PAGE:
Corsican language

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Corsican, also called corsu and lingua corsa, is a Romance language closely related to Italian. It is spoken and written on the islands of Corsica (France) and northern Sardinia (Italy). It had an official status in Corsica until 1859. In the 19th and 20th centuries, the use of French grew to the extent that, by 1945, all islanders had a working knowledge of French. By the 1960s, there were no monolingual speaker of Corsican left. In 1995, around 65% of the islanders had some degree of fluency in Corsican with only 10% having Corsican as their first language. The language is considered definitely endangered by the UNESCO, meaning that it is in danger of becoming extinct. It is estimated that there is around 200,000 native speakers. Corsican is recognized as an official minority language in Sardinia.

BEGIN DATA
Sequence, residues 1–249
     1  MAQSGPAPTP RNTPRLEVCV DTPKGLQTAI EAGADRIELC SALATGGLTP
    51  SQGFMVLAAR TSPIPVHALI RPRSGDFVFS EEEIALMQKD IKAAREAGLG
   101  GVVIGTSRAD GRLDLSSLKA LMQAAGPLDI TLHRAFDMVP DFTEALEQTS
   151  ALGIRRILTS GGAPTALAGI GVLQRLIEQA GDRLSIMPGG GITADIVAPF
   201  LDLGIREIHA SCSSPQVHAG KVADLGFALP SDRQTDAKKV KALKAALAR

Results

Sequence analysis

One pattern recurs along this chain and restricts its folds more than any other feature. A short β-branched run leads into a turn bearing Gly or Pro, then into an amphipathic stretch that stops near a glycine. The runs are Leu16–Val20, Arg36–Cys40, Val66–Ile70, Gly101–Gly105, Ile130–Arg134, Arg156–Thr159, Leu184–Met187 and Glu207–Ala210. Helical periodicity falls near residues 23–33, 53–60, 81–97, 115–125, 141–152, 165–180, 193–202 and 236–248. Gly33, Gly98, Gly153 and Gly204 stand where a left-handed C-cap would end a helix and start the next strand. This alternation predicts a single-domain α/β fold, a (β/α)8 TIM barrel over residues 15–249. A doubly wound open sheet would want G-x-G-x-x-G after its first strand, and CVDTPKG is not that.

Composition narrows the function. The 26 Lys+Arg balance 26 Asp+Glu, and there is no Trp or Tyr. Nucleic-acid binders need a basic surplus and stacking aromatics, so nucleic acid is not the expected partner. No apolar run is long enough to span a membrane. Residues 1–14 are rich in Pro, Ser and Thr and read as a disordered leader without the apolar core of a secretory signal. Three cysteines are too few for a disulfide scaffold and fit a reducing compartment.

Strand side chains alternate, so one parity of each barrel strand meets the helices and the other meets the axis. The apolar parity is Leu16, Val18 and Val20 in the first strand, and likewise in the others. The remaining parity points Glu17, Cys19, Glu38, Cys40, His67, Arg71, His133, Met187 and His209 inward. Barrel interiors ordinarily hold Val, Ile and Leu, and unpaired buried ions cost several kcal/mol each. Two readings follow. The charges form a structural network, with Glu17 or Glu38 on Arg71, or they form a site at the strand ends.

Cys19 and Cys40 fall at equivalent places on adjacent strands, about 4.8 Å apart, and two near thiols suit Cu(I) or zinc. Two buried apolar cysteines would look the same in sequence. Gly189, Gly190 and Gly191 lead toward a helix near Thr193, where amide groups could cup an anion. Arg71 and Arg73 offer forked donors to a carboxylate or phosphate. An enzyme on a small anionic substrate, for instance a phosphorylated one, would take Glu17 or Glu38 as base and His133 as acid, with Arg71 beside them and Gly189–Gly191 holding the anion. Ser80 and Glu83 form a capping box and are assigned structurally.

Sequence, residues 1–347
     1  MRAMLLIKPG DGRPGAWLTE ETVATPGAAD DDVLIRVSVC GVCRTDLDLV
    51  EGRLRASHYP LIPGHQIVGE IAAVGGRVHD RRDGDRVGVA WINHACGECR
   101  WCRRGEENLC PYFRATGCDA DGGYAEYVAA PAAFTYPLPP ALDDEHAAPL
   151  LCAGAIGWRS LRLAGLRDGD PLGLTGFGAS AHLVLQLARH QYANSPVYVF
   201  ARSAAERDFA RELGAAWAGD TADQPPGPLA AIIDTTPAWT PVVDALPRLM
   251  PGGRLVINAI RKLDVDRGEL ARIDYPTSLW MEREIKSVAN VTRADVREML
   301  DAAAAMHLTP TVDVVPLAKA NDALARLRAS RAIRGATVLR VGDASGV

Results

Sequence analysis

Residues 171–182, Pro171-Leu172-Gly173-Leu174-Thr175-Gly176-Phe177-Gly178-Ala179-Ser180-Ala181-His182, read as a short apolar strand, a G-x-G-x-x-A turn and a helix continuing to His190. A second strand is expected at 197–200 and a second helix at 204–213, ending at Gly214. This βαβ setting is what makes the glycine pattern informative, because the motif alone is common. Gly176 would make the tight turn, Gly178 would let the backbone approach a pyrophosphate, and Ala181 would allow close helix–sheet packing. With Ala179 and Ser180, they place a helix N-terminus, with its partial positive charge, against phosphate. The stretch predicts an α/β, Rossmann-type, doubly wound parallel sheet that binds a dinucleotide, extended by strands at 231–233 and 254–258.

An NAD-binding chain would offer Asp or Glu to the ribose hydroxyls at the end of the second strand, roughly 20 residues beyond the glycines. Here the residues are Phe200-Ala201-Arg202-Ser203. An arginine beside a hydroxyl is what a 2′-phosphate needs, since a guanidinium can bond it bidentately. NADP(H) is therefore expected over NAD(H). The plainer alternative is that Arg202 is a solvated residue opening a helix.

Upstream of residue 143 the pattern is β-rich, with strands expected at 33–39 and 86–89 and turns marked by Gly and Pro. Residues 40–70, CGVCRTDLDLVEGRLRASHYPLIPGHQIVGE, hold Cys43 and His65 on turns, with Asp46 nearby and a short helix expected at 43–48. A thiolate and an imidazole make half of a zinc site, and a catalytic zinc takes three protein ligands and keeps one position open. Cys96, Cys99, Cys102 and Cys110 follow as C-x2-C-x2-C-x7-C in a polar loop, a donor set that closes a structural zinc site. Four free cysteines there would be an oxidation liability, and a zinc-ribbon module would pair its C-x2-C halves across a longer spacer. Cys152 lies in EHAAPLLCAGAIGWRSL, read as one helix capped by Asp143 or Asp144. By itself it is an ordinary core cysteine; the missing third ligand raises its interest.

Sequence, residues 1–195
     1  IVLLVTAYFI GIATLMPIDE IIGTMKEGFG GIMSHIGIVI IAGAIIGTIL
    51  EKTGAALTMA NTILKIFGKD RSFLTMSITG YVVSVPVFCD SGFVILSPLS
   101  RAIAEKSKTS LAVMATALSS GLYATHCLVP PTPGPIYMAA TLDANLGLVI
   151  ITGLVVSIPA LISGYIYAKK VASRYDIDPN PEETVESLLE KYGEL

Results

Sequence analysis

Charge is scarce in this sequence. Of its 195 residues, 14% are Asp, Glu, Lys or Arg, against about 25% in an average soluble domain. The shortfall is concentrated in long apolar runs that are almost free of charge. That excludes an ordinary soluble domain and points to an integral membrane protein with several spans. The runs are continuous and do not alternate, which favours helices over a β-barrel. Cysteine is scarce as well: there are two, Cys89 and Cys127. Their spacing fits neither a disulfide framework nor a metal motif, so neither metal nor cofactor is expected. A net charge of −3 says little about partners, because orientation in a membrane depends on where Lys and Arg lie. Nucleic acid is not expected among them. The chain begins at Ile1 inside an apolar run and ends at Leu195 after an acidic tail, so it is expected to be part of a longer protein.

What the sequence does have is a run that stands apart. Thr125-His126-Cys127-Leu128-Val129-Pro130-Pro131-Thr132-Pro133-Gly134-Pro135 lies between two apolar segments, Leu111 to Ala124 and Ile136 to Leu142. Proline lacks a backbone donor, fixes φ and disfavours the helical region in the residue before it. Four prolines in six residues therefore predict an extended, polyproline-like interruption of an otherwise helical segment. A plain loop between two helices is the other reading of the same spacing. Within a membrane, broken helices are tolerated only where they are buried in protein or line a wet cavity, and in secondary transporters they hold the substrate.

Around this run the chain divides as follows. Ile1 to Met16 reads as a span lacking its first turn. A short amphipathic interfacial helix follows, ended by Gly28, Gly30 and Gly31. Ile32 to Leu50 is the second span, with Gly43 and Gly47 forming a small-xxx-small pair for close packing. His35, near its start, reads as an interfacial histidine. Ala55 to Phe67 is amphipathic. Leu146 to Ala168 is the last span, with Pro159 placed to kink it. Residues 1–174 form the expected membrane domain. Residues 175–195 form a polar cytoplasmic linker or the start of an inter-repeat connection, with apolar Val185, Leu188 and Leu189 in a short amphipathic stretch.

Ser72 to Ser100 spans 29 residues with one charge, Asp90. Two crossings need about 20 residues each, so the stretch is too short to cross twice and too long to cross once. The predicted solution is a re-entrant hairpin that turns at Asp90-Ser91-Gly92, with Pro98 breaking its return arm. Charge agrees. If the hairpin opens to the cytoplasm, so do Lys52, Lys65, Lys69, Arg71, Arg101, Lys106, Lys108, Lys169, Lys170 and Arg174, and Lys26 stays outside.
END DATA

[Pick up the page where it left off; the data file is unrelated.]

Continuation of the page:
The Corsican language has two main dialects: Gallurese, spoken in the region of Gallura in the northeastern part of Sardinia, and Sassarese, which is a transitional language between Corsican and Italian spoken in Sardinia.


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